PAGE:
This antibody gave a positive signal in the following lysates:
HeLa Whole Cell Lysate - Irradiated (5Gy).
Storage instructionsShipped at 4°C. Store at +4°C short term (1-2 weeks). Upon delivery aliquot. Store at -20°C or -80°C. Avoid freeze / thaw cycle.
Storage bufferpH: 7.40 Preservative: 0.02% Sodium azide Constituent: PBS Note: Batches of this product that have a concentration < 1mg/ml may have BSA added as a stabilising agent. If you would like information about the formulation of a specific lot, please contact our scientific support team who will be happy to help.
The application notes include recommended starting dilutions; optimal dilutions/concentrations should be determined by the end user.
Use a concentration of 1 µg/ml. Detects a band of approximately 175 kDa (predicted molecular weight: 168 kDa).
FunctionEssential factor involved in transcription-coupled nucleotide excision repair which allows RNA polymerase II-blocking lesions to be rapidly removed from the transcribed strand of active genes. Upon DNA-binding, it locally modifies DNA conformation by wrapping the DNA around itself, thereby modifying the interface between stalled RNA polymerase II and DNA. It is required for transcription-coupled repair complex formation. It recruits the CSA complex (DCX(ERCC8) complex), nucleotide excision repair proteins and EP300 to the at sites of RNA polymerase II-blocking lesions.
Involvement in diseaseDefects in ERCC6 are the cause of Cockayne syndrome type B (CSB) [MIM:133540]. Cockayne syndrome is a rare disorder characterized by cutaneous sensitivity to sunlight, abnormal and slow growth, cachectic dwarfism, progeroid appearance, progressive pigmentary retinopathy and sensorineural deafness. There is delayed neural development and severe progressive neurologic degeneration resulting in mental retardation. Two clinical forms are recognized: in the classical form or Cockayne syndrome type 1, the symptoms are progressive and typically become apparent within the first few years or life; the less common Cockayne syndrome type 2 is characterized by more severe symptoms that manifest prenatally. Cockayne syndrome shows some overlap with certain forms of xeroderma pigmentosum. Unlike xeroderma pigmentosum, patients with Cockayne syndrome do not manifest increased freckling and other pigmentation abnormalities in the skin and have no significant increase in skin cancer. Defects in ERCC6 are the cause of cerebro-oculo-facio-skeletal syndrome type 1 (COFS1) [MIM:214150]; also known as COFS syndrome or Pena-Shokeir syndrome type 2. COFS is a degenerative autosomal recessive disorder of prenatal onset affecting the brain, eye and spinal cord. After birth, it leads to brain atrophy, hypoplasia of the corpus callosum, hypotonia, cataracts, microcornea, optic atrophy, progressive joint contractures and growth failure. Facial dysmorphism is a constant feature. Abnormalities of the skull, eyes, limbs, heart and kidney also occur. Defects in ERCC6 are a cause of De Sanctis-Cacchione syndrome (DSC) [MIM:278800]; also known as xerodermic idiocy. DSC is an autosomal recessive syndrome consisting of xeroderma pigmentosum associated with mental retardation, retarded growth, gonadal hypoplasia and sometimes neurologic complications. Note=A genetic variation in the 5-prime flanking region of ERCC6 has been shown to be associated with susceptibility to age-related macular degeneration. Defects in ERCC6 are a cause of UV-sensitive syndrome (UVS) [MIM:600630]. UVS is a rare autosomal recessive disorder characterized by photosensitivity and mild freckling but without neurological abnormalities or skin tumors.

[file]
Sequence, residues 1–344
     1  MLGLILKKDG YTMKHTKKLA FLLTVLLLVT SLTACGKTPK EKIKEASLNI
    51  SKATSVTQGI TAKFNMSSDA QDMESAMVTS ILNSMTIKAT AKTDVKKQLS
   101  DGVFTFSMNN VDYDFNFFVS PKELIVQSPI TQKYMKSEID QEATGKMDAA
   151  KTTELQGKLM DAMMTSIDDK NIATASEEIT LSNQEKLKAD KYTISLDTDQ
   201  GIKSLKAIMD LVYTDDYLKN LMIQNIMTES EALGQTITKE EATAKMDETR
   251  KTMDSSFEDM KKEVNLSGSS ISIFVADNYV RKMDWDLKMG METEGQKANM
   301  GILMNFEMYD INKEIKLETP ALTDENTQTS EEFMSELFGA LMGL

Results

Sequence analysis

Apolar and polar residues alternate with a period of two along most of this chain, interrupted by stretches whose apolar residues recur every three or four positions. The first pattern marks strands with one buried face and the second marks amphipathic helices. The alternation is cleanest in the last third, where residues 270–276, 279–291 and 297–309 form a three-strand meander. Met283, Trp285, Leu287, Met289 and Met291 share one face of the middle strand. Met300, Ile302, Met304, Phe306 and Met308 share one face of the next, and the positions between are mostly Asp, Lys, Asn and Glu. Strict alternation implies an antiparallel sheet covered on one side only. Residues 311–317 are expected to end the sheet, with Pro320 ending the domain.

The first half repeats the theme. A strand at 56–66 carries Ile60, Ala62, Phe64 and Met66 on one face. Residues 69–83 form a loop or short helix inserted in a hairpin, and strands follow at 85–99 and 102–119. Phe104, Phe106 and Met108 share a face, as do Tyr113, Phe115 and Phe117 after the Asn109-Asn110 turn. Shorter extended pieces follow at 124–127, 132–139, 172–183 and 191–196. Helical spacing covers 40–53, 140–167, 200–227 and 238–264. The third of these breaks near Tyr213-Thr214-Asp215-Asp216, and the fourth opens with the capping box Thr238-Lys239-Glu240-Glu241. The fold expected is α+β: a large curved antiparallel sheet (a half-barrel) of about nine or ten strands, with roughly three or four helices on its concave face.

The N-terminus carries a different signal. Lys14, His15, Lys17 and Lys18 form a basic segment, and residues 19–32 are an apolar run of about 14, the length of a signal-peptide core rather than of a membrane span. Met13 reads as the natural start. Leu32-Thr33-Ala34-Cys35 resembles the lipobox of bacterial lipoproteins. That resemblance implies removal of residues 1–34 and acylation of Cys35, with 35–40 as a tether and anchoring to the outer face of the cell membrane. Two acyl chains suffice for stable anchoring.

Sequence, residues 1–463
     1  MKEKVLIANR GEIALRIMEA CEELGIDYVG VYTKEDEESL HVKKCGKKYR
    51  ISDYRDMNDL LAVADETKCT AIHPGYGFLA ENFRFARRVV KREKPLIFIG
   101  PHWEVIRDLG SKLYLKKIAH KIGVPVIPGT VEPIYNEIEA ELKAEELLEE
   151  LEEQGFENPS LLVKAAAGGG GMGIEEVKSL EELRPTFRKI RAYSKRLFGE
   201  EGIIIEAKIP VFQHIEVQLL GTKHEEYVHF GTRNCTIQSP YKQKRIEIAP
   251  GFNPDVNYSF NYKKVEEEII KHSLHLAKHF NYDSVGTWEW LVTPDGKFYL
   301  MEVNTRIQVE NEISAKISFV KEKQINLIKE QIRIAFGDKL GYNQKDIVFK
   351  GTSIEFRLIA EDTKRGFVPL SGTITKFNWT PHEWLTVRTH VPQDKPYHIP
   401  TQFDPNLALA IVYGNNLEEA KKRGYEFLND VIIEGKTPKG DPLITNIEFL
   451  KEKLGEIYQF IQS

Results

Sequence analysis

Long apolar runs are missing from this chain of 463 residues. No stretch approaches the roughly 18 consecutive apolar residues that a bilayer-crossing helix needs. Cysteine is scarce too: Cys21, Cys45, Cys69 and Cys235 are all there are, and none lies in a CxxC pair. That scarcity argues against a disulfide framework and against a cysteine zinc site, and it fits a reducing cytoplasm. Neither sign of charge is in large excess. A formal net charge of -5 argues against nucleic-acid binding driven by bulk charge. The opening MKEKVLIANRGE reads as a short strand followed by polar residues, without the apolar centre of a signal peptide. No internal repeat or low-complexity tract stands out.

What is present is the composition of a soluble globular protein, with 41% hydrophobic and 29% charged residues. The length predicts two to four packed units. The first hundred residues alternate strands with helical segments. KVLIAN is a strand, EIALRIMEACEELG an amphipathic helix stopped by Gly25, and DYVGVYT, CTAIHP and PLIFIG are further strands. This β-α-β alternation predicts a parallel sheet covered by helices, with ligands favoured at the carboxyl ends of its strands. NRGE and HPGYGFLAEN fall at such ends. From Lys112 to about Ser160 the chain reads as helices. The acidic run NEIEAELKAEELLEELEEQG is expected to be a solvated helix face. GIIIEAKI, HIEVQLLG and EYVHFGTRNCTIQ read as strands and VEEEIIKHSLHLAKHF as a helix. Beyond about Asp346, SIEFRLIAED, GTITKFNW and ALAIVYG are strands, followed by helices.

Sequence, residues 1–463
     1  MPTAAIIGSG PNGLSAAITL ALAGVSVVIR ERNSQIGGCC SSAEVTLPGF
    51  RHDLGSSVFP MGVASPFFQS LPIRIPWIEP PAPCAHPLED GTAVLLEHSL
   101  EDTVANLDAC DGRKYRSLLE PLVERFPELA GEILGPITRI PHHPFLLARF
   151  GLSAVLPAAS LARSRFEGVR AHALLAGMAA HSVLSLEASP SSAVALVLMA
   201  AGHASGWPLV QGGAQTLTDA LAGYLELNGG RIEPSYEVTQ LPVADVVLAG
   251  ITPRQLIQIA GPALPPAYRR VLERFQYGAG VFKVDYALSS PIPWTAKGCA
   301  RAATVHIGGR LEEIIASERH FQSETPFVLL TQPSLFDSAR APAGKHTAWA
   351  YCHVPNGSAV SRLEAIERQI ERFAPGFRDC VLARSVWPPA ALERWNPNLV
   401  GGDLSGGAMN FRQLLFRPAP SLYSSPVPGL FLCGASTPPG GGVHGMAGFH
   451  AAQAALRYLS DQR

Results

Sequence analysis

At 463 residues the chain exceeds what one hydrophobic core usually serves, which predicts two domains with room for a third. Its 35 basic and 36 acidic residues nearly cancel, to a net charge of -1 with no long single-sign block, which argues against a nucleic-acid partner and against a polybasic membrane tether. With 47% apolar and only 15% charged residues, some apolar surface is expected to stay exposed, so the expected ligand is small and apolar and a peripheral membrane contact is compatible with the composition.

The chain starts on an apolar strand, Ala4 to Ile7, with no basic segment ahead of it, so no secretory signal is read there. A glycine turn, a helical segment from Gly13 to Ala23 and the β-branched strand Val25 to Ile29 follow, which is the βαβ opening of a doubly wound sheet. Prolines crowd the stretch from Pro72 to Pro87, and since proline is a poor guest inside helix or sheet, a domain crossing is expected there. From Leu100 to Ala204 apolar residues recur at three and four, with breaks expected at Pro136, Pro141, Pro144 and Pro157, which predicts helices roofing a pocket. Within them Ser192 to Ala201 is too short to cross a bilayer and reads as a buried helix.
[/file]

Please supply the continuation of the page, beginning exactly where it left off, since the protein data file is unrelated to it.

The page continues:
Sequence similaritiesBelongs to the SNF2/RAD54 helicase family. Contains 1 helicase ATP-binding domain. Contains 1 helicase C-terminal domain.
DomainA C-terminal ubiquitin-binding domain (UBD) is essential for transcription-coupled nucleotide excision repair to proceed.
Post-translational modificationsPhosphorylated upon DNA damage, probably by ATM or ATR. Ubiquitinated at the C-terminus. Ubiquitination by the CSA complex leads to ERCC6 proteasomal degradation in a UV-dependent manner.